I'm watching a basketball game. Cleveland Cavaliers vs Orlando Magic. I am developing a preference for the Magic in this series, because:
1) Orlando Magic wear consistent uniforms that look fine. Cleveland Cavaliers... I've watched three games between these teams. First game, Cavaliers wore a really nice blue. I rooted for them that game, and that may be why. Second game, they wore a dark red I disliked, I found myself preferring the Magic. This game, they're wearing navy blue with red stripes. PICK A COLOUR.
2) Orlando Magic do not have Lebron James, who a) seems like kind of a jerk b) keeps getting bad decisions in his favour because he's a STAR c) okay, this one isn't his fault, but seriously, one of the commentators is totally doodling MR LEBRON JAMES in the margins of his notebook, because he can not shut up with the OMG Lebron James is so awesome he's the dreamiest OMG OMG.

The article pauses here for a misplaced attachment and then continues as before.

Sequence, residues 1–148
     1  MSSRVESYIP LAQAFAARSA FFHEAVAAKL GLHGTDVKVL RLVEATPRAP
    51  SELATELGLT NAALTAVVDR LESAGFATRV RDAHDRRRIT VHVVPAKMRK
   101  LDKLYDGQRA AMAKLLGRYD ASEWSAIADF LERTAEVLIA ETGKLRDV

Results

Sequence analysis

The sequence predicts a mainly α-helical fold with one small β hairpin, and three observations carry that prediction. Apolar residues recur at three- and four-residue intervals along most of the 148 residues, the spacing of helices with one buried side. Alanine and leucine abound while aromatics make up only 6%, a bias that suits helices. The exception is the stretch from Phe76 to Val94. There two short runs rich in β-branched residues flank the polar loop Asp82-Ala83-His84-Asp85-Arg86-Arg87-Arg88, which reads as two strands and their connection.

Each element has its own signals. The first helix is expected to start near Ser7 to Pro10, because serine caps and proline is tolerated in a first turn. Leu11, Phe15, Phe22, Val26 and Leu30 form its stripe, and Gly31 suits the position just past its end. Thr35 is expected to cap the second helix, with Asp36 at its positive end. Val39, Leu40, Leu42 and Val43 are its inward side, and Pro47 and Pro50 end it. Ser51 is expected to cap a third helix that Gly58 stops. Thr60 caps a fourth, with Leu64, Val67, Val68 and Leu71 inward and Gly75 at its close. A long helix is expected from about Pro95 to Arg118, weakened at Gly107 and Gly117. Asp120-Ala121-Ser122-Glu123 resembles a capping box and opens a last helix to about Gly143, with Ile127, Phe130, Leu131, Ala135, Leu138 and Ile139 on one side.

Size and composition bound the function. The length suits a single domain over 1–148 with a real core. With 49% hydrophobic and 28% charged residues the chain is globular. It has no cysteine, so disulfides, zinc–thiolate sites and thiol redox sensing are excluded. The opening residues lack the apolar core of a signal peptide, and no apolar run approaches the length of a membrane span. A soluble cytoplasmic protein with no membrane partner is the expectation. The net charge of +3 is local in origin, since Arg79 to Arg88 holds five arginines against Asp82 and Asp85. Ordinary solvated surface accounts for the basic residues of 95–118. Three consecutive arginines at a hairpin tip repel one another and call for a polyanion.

3) The Orlando Magic's coach is kind of adorable. He's so wee! He's short even compared to normal people, let alone the basketball players, so standing amid the basketball players he looks like a moustached, shouty munchkin. So tiny! So shouty!
Watching American sports, I have very little personal stake in what's going on, but I like having a side I vaguely want to win. So I pick a side on an incredibly arbitrary basis.
There's a commercial for Maltesers that comes up periodically. My brother-out-law Chas observed yesterday: "That ad always makes you smile." I hadn't realised, but it's true, I do really like it. It's 'Rollers', for Maltesers, which the YouTube blurb claims was so successful Mars had to build a whole new factory to cope with the demand. (The version we see has been dubbed with voices in Australian accents, but the dialogue is all the same.)